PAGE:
Food is Medicine – Gut and Digestive health care

Food is Medicine – Gut and Digestive health care

The gut-brain connection is often misplaced when people talk about health and nutrition. Emotional triggers that can cause depression, sadness, anxiety or fear can all affect the gut by inflammation, bloating, and changes in gut micro-bacteria. These changes can lead to gut related diseases such as irritable bowel syndrome (IBS), ulcerative colitis, and food allergies. 

By looking after the mind through mindful activities, you can decrease the risk of these diseases. Yoga, meditation, mindfulness, forest bathing, and creative tasks can decrease the fight or flight response that affects your gut health


Nutrition is a key factor to maintaining a healthy gut and body. The human body needs a complex set of vitamins, minerals, fibre, protein, and healthy fats to sustain a healthy balance within the body. These foods determine how the gut microbiome helps to protect your body against infection and diseases. There are up to 1,000 species of bacteria in the human gut microbiome, and each of them plays a different role in your body. 

Often people do not know they have chronic inflammation within their gut, but symptoms can be found all over the body including dry eyes, brittle nails, unexplained fatigue and much more. The Food Pharmacy book by Lina Nertby Aurell and Mia Clase has a really concise guide on how factors affect health and how to overcome these with simple ingredients.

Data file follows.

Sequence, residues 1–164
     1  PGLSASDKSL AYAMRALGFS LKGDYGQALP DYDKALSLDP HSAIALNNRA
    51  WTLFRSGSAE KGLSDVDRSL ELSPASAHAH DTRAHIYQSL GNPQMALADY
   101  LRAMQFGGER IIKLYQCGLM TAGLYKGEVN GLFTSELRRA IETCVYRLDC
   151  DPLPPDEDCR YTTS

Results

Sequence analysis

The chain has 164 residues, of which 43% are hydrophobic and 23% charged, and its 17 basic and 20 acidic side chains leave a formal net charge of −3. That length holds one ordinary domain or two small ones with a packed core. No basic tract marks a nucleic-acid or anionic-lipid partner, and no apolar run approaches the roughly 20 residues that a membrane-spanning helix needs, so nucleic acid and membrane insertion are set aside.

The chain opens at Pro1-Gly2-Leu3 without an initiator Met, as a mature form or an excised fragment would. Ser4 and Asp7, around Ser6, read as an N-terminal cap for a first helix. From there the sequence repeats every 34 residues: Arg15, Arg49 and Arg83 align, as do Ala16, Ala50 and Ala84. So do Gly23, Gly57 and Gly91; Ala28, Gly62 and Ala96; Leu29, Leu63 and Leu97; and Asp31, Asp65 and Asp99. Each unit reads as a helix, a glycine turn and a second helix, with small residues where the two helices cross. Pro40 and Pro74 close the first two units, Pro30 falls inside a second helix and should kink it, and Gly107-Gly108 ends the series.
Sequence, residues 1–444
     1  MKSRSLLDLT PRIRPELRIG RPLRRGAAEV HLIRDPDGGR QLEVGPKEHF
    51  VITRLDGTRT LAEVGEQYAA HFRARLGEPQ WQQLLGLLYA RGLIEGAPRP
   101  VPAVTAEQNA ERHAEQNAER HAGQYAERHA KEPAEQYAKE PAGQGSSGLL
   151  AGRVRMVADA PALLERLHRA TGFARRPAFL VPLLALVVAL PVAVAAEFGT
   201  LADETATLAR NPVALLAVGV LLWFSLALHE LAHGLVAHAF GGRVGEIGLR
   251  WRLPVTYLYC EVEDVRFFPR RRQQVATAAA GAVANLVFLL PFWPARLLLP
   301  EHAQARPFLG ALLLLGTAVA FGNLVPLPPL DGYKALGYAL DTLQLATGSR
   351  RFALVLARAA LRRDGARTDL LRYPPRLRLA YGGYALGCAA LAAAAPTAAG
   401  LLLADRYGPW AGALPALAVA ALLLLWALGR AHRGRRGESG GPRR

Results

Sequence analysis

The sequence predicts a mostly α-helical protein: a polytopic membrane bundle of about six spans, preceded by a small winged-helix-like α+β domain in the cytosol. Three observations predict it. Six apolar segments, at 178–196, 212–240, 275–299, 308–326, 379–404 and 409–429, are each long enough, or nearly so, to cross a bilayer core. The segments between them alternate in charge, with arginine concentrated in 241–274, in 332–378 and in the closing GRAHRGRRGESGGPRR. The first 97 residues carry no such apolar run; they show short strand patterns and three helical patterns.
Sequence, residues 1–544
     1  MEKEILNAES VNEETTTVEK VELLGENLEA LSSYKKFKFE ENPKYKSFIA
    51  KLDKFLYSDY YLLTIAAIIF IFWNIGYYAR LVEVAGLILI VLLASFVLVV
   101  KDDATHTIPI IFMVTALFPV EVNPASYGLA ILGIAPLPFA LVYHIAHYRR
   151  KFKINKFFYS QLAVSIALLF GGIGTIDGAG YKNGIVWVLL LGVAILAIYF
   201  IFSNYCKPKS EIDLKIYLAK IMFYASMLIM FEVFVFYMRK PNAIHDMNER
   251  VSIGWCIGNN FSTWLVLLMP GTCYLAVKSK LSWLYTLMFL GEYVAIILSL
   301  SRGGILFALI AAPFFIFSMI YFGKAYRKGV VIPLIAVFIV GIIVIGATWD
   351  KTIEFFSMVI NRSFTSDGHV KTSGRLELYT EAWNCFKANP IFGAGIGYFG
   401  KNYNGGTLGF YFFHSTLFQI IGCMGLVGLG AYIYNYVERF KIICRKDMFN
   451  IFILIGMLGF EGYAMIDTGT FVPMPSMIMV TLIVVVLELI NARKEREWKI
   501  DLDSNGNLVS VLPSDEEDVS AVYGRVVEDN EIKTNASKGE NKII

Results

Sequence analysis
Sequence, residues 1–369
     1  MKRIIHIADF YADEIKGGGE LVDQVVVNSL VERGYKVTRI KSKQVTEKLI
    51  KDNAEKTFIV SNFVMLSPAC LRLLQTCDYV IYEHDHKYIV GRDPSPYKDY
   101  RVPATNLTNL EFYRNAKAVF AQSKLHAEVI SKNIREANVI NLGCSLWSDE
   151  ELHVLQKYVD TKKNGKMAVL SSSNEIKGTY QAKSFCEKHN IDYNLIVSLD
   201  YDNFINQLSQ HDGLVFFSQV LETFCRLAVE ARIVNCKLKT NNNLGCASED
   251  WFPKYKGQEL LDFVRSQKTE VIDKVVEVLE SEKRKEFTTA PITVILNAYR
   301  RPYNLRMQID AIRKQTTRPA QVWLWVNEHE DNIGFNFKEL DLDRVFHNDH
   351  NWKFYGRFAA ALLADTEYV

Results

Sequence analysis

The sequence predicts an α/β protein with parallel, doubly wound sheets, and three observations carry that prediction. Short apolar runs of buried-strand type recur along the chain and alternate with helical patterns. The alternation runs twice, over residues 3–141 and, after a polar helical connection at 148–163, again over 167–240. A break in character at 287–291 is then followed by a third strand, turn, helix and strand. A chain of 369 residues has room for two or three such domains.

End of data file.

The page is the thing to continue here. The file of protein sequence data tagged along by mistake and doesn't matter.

Diet for digestive health care

Simple alterations within your diet can make a positive lifestyle change on your overall well being. By avoiding refined sugar found in processed foods and incorporating a mindful amount of slow releasing carbohydrates to your diet, you help to keep your blood sugar in check and your insulin levels regulated, avoiding the progression of diseases such as Type II Diabetes. Aiming to avoid processed foods and to eat fresh, seasonal, organic produce from local producers also helps the environment by cutting your carbon footprint. 

From the antioxidant powerhouses of root vegetables to medicinal mushrooms there is an array of ingredients which can help the body in many ways. There are many varieties of mushrooms from Reishi, Cordyceps to Skiitake, all of which deliver their own individual properties. Standard white button mushrooms are high in vitamin D which is well known to provide us with healthy bones and muscles, but it is less well known for its mood regulating properties helping with both physical and mental health. Within the market garden the Estates Team have been cultivating a range of mushroom species using Hazel from the coppice. They will be growing Pearl Oyster, Tarragon Oyster and Lion’s Mane which will be used within food preparation. 

The Caff and Combe Grove Recipes

To help our members and guests with their nutrition at Combe Grove, The Caff is stocked with nutritional soup, salads, juices and cakes which have low sugar content. Many of the items on the menu have their ingredients sourced directly from Combe Grove’s estate to reduce its carbon footprint. 

To check out some of our recipes using local seasonal ingredients take a look at our other journal posts including the most recent Wild garlic pesto recipe.